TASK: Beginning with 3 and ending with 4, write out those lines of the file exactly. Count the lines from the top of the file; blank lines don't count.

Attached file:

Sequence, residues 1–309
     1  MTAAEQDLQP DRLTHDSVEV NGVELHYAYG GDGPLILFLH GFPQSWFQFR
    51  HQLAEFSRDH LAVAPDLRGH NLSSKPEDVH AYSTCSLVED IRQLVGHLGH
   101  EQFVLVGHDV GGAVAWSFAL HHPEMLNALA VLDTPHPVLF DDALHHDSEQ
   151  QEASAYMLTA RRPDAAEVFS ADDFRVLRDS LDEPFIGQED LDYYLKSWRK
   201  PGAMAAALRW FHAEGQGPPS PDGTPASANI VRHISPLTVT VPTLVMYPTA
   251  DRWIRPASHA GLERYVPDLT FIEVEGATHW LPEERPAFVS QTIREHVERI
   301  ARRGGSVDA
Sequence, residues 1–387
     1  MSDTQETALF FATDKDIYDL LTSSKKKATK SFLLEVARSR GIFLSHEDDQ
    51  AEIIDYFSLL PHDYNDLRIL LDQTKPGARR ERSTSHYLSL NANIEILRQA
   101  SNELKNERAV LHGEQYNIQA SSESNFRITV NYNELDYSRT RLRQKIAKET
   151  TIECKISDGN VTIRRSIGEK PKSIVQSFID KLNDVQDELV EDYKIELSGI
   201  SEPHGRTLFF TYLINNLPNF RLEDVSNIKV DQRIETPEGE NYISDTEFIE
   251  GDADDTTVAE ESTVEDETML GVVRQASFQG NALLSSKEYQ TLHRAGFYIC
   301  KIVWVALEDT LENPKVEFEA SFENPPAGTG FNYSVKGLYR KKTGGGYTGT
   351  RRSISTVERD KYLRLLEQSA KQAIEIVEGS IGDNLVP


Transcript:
    51  HQLAEFSRDH LAVAPDLRGH NLSSKPEDVH AYSTCSLVED IRQLVGHLGH
   101  EQFVLVGHDV GGAVAWSFAL HHPEMLNALA VLDTPHPVLF DDALHHDSEQ